Grand New Party
As the Republican Party clings to the remaining vestiges of its power, namely a regional base in the Deep South, recent debates have centered on whether it should seek to build a “big tent” or retreat to ideological purity. Should they work with a barrier-breaking and popular president of the opposing party or throw a wrench in his agenda when opportunities arise? Ross Douthat and Reihan Salam, in their 2008 book Grand New Party (Anchor Books, paperback and updated version in 2009), prefer an alternative strategy, one that seeks to bring working class workers of every racial background into the party’s fold in order to construct a permanent majority.
Their narrative begins with Franklin Roosevelt’s New Deal. Douthat and Salam suggest that FDR’s policies were fundamentally pro-family and placed a premium on self-sufficiency and work. The working class was their primary beneficiary, and in the process, the Democratic Party cemented its hold on this demographic for a generation. It wasn’t until Lyndon Johnson’s Great Society pushed policies that the authors argue offered perverse incentives that impeded family formation and individual initiatives, coupled with social turbulence, that working class voters were driven toward Richard Nixon in 1968 and 1972, a group he called the “Silent Majority.”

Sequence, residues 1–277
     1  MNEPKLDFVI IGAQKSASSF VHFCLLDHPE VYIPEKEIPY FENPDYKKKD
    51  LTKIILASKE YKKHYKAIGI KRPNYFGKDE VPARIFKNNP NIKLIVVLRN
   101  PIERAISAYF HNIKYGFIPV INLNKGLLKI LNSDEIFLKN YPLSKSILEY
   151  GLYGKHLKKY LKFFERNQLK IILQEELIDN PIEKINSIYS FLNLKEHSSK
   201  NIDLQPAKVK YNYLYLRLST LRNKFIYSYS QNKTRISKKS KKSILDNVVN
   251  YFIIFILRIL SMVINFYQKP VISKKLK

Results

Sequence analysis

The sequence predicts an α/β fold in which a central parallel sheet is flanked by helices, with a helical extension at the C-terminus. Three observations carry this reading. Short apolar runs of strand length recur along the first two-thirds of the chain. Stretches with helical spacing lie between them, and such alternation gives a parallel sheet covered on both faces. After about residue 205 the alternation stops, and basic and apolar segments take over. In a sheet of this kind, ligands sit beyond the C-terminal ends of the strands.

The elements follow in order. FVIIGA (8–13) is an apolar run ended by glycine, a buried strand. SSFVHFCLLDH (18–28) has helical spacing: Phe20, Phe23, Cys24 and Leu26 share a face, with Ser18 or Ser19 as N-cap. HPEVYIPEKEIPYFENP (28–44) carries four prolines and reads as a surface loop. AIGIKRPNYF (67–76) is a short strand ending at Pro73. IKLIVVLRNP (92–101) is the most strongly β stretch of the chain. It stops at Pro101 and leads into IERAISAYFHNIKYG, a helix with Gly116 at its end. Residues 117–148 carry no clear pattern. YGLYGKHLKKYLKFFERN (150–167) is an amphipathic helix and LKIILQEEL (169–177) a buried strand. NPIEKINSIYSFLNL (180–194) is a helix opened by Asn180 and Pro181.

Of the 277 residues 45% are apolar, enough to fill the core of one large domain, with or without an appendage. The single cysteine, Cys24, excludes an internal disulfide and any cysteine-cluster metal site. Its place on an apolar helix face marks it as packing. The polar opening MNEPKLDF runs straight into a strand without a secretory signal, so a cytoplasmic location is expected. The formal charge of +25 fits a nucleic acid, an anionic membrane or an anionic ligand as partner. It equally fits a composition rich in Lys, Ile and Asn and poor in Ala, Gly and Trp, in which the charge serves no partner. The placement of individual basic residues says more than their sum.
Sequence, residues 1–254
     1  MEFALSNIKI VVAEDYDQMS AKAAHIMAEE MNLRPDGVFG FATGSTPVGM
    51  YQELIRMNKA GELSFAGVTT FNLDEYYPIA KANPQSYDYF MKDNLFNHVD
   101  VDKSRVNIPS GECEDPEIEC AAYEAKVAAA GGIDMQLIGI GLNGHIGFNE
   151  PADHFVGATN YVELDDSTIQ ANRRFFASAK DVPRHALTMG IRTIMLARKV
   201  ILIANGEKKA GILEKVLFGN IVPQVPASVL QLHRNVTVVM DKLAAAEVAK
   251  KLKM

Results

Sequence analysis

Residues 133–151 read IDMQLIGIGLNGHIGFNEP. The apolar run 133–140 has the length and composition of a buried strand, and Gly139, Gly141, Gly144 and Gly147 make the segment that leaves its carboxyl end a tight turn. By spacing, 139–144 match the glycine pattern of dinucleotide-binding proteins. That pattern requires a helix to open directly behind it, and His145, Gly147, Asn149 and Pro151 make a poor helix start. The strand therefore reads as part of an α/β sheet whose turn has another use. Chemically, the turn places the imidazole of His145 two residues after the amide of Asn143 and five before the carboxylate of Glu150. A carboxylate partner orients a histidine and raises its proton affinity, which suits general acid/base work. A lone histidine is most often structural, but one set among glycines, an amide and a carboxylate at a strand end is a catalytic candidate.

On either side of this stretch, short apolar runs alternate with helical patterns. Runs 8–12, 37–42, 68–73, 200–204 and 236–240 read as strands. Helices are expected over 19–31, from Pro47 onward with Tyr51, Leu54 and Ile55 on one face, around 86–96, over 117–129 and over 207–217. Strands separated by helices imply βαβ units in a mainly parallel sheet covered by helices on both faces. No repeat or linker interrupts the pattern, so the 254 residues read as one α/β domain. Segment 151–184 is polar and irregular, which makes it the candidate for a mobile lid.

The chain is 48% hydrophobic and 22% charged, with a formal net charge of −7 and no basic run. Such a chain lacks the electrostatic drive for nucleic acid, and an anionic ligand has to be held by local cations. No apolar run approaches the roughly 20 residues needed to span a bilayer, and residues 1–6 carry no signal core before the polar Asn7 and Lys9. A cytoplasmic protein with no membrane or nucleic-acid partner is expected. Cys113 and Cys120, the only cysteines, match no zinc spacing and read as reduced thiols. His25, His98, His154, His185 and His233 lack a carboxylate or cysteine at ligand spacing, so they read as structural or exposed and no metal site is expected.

Nixon’s passions lied in the realm of foreign policy, and despite some early efforts to address working class concerns through a negative income tax, their demands were largely ignored, their votes taken for granted. This opened the door for Jimmy Carter’s one-time trial in 1976, but Ronald Reagan brought them back into the Republican fold in 1980 and 1984, and allowed his predecessor George HW Bush to win in 1988 on his coattails. Reagan remains the template by which Republicans measure themselves, and their memories of him focus on ideological, doctrinaire purity.